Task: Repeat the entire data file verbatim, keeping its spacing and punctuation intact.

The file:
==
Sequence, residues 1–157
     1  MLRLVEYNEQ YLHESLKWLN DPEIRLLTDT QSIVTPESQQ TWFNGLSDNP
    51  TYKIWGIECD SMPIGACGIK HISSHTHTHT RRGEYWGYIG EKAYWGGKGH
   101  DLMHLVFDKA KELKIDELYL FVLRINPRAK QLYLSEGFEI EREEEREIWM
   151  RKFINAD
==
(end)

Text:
Sequence, residues 1–157
     1  MLRLVEYNEQ YLHESLKWLN DPEIRLLTDT QSIVTPESQQ TWFNGLSDNP
    51  TYKIWGIECD SMPIGACGIK HISSHTHTHT RRGEYWGYIG EKAYWGGKGH
   101  DLMHLVFDKA KELKIDELYL FVLRINPRAK QLYLSEGFEI EREEEREIWM
   151  RKFINAD